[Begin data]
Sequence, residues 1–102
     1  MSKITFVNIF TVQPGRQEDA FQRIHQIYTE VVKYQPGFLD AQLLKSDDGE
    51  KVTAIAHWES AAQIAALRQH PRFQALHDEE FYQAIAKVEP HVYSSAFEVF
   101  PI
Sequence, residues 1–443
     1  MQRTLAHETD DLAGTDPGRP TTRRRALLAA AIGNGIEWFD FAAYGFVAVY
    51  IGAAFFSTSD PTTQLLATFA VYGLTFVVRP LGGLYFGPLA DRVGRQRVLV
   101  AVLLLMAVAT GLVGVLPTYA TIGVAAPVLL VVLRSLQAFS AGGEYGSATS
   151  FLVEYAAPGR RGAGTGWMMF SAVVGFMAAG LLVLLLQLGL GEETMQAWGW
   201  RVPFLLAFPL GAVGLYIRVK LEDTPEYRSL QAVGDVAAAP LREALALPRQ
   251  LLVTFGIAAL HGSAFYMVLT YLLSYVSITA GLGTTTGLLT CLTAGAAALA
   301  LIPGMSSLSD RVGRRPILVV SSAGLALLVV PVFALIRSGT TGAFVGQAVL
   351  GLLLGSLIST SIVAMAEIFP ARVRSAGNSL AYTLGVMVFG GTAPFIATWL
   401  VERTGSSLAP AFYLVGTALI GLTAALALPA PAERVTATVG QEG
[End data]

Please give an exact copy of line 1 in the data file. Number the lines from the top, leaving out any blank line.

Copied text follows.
Sequence, residues 1–102